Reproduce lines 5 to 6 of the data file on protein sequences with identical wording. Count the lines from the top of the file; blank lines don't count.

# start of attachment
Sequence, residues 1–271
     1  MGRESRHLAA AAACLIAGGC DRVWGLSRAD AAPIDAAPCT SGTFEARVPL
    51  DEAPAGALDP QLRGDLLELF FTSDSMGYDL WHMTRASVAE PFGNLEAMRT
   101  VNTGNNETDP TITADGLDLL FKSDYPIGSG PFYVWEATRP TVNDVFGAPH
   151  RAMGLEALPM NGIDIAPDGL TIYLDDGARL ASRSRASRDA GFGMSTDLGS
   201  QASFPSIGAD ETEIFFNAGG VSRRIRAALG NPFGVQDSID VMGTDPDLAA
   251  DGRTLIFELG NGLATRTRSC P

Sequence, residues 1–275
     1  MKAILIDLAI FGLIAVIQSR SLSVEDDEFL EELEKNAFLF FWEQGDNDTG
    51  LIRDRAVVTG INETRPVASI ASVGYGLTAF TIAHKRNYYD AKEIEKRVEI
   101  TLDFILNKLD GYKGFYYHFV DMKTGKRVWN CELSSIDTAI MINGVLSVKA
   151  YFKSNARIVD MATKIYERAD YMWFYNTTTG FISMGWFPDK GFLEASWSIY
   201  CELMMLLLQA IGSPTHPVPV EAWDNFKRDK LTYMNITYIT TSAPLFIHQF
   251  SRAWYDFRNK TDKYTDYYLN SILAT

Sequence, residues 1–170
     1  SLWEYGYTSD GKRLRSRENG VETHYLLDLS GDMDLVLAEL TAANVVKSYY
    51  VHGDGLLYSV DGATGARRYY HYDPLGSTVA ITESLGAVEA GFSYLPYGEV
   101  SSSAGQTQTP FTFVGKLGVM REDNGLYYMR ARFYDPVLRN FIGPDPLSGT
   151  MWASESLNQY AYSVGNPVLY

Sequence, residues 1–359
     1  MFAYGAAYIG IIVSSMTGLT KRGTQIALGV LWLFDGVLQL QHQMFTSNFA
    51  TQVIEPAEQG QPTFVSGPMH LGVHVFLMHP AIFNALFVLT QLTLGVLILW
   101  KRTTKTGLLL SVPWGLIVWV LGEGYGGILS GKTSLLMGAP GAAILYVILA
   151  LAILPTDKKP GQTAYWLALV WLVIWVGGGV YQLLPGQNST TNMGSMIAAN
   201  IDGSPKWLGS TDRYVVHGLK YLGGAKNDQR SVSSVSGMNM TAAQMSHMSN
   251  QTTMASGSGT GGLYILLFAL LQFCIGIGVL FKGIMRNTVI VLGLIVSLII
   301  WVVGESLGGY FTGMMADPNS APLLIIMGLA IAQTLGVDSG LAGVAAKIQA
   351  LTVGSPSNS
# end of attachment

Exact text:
   151  RAMGLEALPM NGIDIAPDGL TIYLDDGARL ASRSRASRDA GFGMSTDLGS
   201  QASFPSIGAD ETEIFFNAGG VSRRIRAALG NPFGVQDSID VMGTDPDLAA